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Equity may be volatile, but it’s not risky in the long term

Dec 7th 2015 at 9:34 PM

When markets turn volatile, as they sometimes do, avoid panicking. Keep calm, and keep stocking up equity assets. Risk is generally seen as the probability of a loss in any asset class.

In finance, however, risk is usually seen as volatility in an asset class in relation to other asset classes, say, equities to fixed deposits. So, greater the volatility, riskier is the security—that’s the common theme.

By that yardstick, though, equities would be the riskiest of all asset classes. Yet, study after study shows that equity is one of the best long-term means of wealth creation.

Take for instance a recent Morgan Stanley report. It said that equity has delivered the best returns in India over 5-, 10-, 15- and 20-year periods, compared with gold, real estate and fixed deposits, among others. Over a 20-year period, equities returned 12.9%, gold 8.4%, bank fixed deposits 5.5% and property 6.2%.

Why, then, is there such a discrepancy in our perception of risk in equity as an asset class when it can offer some of the best returns?

The answer lies in understanding volatility. One of the common arguments of investors who do not want to invest in the stock market and seek alternative assets such as real estate is that short-term price movements can get too rough to handle.

Yes, that’s true. Equities are traded in the stock market daily, and millions of investors, including foreign and domestic institutions, not to mention the thousands of day-traders, generate such movement in stock markets.

The sheer volumes coupled with the amount of fund flows create the turbulence and vast movement in stocks, sometimes daily. A huge institutional exit/entry can ruffle a stock price—and any investor, for that matter.

That apart, fund flows into and out of the markets, too, have an impact.

By contrast, do investors in real estate look at ticker prices regularly? No, because there are none. Real estate prices do not jump up and down on a real-time basis and so cause no euphoria or anxiety in the hearts of these investors. Instead, house prices are determined by prices in and around a particular area; and not through a market-making institution such as an exchange, which provides prices on a real-time basis.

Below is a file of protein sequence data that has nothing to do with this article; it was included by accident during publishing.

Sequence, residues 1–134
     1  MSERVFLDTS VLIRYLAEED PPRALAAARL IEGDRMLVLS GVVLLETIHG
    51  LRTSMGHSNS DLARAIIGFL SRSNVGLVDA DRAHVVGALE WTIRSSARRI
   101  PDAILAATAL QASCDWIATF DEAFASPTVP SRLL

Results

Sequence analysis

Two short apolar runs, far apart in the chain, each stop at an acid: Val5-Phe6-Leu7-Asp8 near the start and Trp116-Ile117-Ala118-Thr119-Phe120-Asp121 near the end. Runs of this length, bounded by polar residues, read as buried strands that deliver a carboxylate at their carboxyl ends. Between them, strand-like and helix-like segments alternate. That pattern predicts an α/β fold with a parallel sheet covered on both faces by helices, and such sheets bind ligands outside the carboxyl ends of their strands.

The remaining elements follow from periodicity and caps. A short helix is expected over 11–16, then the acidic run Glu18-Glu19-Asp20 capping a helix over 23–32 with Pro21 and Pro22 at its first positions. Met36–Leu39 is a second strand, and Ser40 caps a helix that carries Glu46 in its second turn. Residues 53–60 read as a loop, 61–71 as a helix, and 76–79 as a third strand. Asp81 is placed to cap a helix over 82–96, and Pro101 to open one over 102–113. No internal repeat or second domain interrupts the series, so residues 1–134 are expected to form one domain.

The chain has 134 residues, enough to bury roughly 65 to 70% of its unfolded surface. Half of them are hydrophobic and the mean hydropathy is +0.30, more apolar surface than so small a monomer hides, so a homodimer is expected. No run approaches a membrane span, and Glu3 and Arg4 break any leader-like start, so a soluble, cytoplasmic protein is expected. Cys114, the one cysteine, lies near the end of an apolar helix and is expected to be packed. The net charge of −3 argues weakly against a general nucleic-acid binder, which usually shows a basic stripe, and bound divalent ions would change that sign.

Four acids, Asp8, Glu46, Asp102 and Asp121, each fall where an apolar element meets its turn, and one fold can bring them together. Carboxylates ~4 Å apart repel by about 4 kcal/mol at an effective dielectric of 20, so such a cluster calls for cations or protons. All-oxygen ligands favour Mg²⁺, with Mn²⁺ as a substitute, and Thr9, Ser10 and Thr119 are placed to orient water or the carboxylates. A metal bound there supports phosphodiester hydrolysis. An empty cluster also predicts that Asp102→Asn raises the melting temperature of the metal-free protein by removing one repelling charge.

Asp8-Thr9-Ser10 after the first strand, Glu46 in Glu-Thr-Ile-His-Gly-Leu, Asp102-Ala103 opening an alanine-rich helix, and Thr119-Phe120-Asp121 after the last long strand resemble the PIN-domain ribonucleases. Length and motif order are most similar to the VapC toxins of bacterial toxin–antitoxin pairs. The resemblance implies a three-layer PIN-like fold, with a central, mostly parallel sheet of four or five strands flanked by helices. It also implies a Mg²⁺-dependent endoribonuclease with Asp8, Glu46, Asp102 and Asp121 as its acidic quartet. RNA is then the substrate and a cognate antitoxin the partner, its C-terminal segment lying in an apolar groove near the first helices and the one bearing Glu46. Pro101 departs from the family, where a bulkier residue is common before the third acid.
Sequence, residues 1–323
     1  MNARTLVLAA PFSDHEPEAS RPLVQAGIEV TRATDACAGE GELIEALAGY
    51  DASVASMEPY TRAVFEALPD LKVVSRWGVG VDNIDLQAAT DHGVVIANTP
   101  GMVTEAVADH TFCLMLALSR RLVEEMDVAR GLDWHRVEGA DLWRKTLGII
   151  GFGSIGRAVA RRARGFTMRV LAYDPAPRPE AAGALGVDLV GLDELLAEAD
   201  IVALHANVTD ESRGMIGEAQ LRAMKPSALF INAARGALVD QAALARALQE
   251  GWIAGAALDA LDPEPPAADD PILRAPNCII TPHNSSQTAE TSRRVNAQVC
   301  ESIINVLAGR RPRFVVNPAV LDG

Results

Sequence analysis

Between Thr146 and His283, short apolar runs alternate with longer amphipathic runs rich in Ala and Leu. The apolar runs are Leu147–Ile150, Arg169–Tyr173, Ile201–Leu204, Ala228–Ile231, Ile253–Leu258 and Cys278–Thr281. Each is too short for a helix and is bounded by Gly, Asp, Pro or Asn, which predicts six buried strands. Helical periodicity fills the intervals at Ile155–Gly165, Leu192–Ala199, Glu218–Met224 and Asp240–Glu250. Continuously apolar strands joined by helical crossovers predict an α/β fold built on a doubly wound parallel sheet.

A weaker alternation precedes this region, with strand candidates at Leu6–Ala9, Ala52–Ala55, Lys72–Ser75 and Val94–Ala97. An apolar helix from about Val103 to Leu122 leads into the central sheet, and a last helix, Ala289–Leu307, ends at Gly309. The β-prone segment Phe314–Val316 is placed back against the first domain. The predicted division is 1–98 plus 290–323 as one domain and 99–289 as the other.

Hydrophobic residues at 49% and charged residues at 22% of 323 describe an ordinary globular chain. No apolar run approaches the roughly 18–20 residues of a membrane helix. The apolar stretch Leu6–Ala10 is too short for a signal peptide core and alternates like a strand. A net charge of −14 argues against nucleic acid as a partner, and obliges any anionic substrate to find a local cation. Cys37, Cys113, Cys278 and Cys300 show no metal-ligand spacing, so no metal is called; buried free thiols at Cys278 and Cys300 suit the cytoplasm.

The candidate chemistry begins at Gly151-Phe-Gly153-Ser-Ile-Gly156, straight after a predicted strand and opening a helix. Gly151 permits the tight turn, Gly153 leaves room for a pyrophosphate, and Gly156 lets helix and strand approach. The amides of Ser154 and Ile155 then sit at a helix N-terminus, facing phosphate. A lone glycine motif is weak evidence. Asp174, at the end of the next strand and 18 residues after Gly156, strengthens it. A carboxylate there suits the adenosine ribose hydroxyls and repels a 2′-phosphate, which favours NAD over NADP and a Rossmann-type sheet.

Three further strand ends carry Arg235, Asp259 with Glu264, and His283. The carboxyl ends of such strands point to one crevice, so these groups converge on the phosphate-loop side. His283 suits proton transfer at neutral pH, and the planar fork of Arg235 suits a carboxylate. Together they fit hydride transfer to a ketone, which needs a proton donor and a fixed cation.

Contrast this again with cash in your locker. That too does not move daily; the cash value of Rs.10,000 in your wallet holds steady. So, the volatility of cash in your wallet would be zero compared with volatility of real estate, which is, in turn, lower than that of stocks. But then, are these alternative assets good investments in the long run?

Warren Buffett explained the concept of volatility and risk in his 2014 annual letter to his shareholders. “Stock prices will always be far more volatile than cash-equivalent holdings. Over the long term, however, currency-denominated instruments are riskier investments—far riskier—than widely diversified stock portfolios that are bought over time and that are owned in a manner invoking only token fees and commissions. That lesson has not customarily been taught in business schools, where volatility is almost universally used as a proxy for risk. Though this pedagogic assumption makes for easy teaching, it is dead wrong: Volatility is far from synonymous with risk.”

What we should understand is that volatility in stocks is not the same as risk. Instead, real risk is the loss of purchasing power—that the Rs.10,000 in your wallet would be reduced to in the longer run. As Buffett says, holding cash is riskier than a stock portfolio built over time.

That brings us then to the key question of volatility—and why investors are so nervous about it? Sure, when prices rise, the tendency among many investors is to book profits, deepening the fall. And the little red marks in portfolios begin to cause anxiety.

However, to be a successful investor, it’s not so much about managing your portfolio as it is about managing your emotions. In other words, don’t look at the red marks. Instead focus on the lower prices of equities—and the opportunities presented to pick up equity assets as if on sale.

Volatility is an inherent characteristic of equities. But that does not imply risk as most people mistakenly think and as explained by Buffett. In fact, one can reduce the perceived risk in your portfolio by accumulating stocks at lower prices whenever volatility plays out in the markets. At lower prices, one adds more units of equity assets in an equity mutual fund for the same amount of money.

You might see a bit of red in a volatile market investment might lose some value, but you still own the asset, and you can grab some more of it during these times. Once the volatile periods are past, which sometimes could take a while longer, the value of your assets will again begin to rise. Remember, though, it is volatility that allows you to seize more equity assets on the go.

An easier way to benefit from volatility is to invest in mutual funds that are designed with intent to do this for you or simply invest through systematic investment plans.

Nimesh Shah is managing director and chief executive officer, ICICI Prudential Asset Management Co. Ltd.